Mark Tanner - Adventurer, Writer and Amateur Beatboxer

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To the Country

23 March 2001

 

I saw in the New Year in Dublin with Triona and her friends Sara and Helen, dancing with wigs and sunglasses and getting bloated on beef sandwiches at Sara's family bash followed by some drinking and boogying in a pub in the city.

 

I was reunited in the New Year with Ronny and Trish who came back to Dublin after having a look around Northern Ireland and Edinburgh. They crashed with me in the lounge of Hotel de Cloisters until they sorted out some permanent accommodation. It was good having them there as we organised a plan of attack for a few holidays away to see the Emerald Isle, the first of which was to Kerry.

 

Kerry, in Ireland's Southwest, is often touted as the most scenic part of Ireland, and although I haven't yet seen everything Ireland has on offer, I was pretty impressed with what I saw.

 

Cramped into a tiny electric-blue Nissan Micra, we zigzagged our way around the county to the atmospheric tone of traditional tunes from The Celtic Contra Band, booming from the Micra's factory-issue tape-deck.

 

Our first night was in Killarney, a scenic little town whose streets were lined with the old colourful character buildings, with a backdrop of snowy mountains. As Killarney is where most tourists start and finish the well-travelled Ring of Kerry, it has become quite a touristy spot. Fudge and diddley-i souvenir shops selling everything from green shamrock hats to slippers that look like sheep have filled just about all of the street frontages that aren't taken up by restaurants and pubs. We had a few stouts in a couple of the establishments before resting our weary heads, getting a good night's sleep for the day ahead of us.

 

We were up at the crack of dawn and after supposedly 'the best traditional Irish breakfast in Killarney' we left on the anti-clockwise route around the Ring. The Ring was scenic, with some nice coastal vistas, adorable towns and some scenic mountains and lakes, but the best parts of it were when we left the main route and took the rarely travelled side roads - rough hedge-lined thoroughfares barely wide enough for a car at times.

 

Our alternative routes took us past some interesting spots including a stony sheep farm perched on the side of the rugged hill between Dingle Bay and the little road we were travelling on. We parked the Micra in the middle of the way, as there was no room anywhere else and not another car in sight, and climbed the gate to make acquaintance with a lone-farmer, his sheepdog and flock of sheep. Irish people are generally friendly, especially the country-folk, but this farmer didn't have too much to say to the trio of interested tourists, and was quick to look for a way out from the bombardment of questions. After chasing his sheep around for a good while, we lodged ourselves back into our wagon and set off again along the winding, hilly road.

 

Our next point of interest was a derelict old stone house, on the hill with a fantastic view below. We originally stopped for a quick photo, but upon closer inspection, decided the abandoned dwelling would be interesting to explore. The house was falling apart, and other than the woolly sheep that were roving around on the ground floor, it didn't look like anyone had lived there for many a year.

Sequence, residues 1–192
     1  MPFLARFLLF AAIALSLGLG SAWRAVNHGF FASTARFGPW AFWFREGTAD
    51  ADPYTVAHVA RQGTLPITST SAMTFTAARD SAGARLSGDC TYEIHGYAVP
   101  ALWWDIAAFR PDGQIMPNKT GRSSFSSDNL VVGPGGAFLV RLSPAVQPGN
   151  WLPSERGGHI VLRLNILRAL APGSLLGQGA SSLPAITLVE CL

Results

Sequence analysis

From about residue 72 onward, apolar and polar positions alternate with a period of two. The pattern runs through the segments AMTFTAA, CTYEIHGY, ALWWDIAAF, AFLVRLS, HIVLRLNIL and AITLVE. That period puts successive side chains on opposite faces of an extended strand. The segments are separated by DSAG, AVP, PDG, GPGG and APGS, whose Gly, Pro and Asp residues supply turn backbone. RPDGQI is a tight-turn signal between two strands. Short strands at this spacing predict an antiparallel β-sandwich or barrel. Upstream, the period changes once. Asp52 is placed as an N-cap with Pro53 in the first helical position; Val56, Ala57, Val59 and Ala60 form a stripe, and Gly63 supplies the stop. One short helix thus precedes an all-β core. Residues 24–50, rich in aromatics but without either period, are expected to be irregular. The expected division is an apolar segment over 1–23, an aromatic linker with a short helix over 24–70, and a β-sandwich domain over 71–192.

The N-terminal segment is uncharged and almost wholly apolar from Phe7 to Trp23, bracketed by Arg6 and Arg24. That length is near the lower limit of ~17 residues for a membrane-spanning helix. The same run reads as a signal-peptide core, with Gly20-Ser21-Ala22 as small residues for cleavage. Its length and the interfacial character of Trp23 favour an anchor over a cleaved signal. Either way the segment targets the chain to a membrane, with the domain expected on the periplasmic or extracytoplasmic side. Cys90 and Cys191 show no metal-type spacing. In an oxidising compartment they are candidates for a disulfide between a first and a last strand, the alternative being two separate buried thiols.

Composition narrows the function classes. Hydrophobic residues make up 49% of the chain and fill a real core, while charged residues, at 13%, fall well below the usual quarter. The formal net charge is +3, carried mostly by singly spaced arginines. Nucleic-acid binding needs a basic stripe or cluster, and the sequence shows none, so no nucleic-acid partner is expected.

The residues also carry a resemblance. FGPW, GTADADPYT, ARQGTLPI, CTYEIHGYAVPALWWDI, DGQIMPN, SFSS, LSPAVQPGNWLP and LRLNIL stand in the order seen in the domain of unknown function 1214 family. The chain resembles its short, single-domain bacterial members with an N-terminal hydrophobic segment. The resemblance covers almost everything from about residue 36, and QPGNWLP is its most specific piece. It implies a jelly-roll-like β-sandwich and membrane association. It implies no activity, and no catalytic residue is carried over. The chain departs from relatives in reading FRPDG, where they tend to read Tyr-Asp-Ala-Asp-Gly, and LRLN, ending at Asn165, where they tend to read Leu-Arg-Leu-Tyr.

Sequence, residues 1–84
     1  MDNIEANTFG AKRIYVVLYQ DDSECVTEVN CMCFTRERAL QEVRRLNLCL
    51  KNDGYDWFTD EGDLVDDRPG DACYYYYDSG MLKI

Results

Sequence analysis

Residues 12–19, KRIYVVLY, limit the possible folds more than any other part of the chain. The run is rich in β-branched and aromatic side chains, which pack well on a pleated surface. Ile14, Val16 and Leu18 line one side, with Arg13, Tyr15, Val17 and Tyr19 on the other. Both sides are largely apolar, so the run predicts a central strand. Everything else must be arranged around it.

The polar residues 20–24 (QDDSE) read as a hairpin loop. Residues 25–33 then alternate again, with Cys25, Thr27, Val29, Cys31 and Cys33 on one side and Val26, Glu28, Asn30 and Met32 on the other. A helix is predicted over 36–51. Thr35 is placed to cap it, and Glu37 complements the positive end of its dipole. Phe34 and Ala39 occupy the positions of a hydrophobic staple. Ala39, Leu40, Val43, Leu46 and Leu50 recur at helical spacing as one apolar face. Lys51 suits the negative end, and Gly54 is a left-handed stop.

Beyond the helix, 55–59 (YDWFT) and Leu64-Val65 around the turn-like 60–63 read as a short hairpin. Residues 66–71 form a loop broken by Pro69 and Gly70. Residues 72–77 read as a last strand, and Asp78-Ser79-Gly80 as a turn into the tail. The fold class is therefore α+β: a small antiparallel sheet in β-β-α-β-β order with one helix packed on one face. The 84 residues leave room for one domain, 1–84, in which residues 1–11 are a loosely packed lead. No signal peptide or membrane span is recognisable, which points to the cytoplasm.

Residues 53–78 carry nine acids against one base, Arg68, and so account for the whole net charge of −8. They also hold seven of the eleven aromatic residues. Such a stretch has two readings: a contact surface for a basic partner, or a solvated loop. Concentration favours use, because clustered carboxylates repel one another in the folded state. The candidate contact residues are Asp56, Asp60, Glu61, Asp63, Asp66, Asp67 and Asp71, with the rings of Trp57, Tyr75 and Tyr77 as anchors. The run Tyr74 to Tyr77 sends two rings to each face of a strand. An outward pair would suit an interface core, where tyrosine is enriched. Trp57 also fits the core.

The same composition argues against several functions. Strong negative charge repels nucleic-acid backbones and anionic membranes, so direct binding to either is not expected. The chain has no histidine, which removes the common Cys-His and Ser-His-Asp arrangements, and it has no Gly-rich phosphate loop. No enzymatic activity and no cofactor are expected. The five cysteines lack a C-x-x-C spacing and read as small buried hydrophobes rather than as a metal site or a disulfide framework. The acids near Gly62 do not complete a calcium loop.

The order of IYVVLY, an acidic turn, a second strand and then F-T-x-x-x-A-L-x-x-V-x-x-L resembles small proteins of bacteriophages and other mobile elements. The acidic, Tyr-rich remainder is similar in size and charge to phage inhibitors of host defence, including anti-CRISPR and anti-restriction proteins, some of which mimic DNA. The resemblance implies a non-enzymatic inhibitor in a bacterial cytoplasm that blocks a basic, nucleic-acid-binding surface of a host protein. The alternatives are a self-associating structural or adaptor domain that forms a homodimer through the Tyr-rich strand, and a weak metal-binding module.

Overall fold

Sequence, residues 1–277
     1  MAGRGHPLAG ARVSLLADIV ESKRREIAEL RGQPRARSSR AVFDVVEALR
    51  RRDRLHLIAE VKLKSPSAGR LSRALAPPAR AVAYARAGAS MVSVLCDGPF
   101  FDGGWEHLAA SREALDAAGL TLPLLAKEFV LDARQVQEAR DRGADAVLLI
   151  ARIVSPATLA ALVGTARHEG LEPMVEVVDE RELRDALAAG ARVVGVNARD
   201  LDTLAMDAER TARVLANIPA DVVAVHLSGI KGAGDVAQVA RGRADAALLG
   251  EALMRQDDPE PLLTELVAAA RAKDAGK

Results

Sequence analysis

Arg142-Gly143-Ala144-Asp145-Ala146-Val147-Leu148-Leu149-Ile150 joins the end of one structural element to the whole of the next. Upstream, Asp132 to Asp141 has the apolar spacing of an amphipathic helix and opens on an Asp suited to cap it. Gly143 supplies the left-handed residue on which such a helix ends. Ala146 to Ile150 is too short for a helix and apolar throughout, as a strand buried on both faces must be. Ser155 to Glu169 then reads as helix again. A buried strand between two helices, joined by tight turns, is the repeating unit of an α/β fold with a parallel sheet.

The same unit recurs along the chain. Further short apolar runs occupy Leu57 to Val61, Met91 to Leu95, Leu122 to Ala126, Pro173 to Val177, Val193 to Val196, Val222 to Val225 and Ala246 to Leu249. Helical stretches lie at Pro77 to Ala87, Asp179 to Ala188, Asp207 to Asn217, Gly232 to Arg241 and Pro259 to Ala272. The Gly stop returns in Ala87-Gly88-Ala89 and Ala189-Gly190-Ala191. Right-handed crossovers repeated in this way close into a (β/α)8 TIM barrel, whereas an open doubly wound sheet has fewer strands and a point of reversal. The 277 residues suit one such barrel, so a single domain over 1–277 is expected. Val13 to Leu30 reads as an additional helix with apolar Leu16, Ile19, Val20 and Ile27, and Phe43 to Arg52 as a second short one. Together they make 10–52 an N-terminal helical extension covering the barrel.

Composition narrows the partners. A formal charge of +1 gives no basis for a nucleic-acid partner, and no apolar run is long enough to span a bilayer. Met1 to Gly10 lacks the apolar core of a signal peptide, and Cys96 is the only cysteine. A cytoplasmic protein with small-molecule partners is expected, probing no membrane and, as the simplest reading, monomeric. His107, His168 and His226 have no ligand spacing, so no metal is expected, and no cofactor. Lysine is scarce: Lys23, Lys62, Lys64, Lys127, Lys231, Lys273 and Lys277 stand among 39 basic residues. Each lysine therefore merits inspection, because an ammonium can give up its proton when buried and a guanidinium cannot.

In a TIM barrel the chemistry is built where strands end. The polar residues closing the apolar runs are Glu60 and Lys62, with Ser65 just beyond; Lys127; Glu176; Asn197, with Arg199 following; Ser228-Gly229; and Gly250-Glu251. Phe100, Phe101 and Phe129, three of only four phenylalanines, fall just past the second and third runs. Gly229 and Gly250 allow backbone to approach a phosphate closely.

We made our way up the rickety staircase, with squeaking and dust coming from well-aged boards with every step we trod. The scene had an element of character about it, one of which Ronny decided he could use his artistic ability to capture with a timer shot. Trish and I positioned ourselves where he asked us to, and after having got the fine scene in focus, with the timer pressed, he ran over to join the picture. Having not chosen his route wisely, with a cloud of dust and noise, in slow motion, Ronny fell through the rotten floorboards, only saving his fall with some lightning quick reactions, in which he managed to catch the windowsill with his elbow. Remarkably, he managed to face the camera, and with his legs dangling from the ceiling of the floor below, put on a cheesy smile for the timer shot.

Back on the road we continued on our way, stopping for lunch at one of the little villages that had won Ireland's prettiest town a few years back. After testing the Micra's performance on sand, we left the coast and, back on the main Ring road, wove our way up into the mountains, stopping off at Ross Castle. The Castle was in a spectacular setting on the edge of the glassy Lake Leane and forefront to snowy mountains and Killarney National Park. After scaling the castle's walls and looking around the area, we managed to negotiate a good deal for the three of us to take a relaxing ride out to one of the islands in the lake on a motor boat with a very informative guide. The island was very peaceful, and apparently from almost 1000 years ago was a place of learning for the Celts. There were still the remains of the old buildings on the island, including an old chapel from the 12th Century.

 

Having finished the Ring of Kerry, we drove our way North and after directions from numerous locals and a good deal of backtracking, we finally came to the settlement at the dead end of a long road. The settlement was significant to Ronny as there was a house there that his relatives used to live in. He had the contact details of a lovely old lady who lived across the road, and very kindly showed us around, followed by some tea, sandwiches and scones.

Lots to see in County Kerry

The next port of call was Dingle, where we arrived by dark, found accommodation and went out for a few Guinness. For a small town, Dingle has a lot of pubs, ranging from your traditional Irish spot, to converted houses, to old general stores with bars. The course of the night saw Trish do all kinds of weird dancing moves by herself on an empty dance floor, a large old lady rejecting Ronny's proposition for a dance and an appalling rendition of the New Zealand anthem by the three of us, at the end of the evening as a gesture to the local folk who were all singing Irish songs and tin-whistling.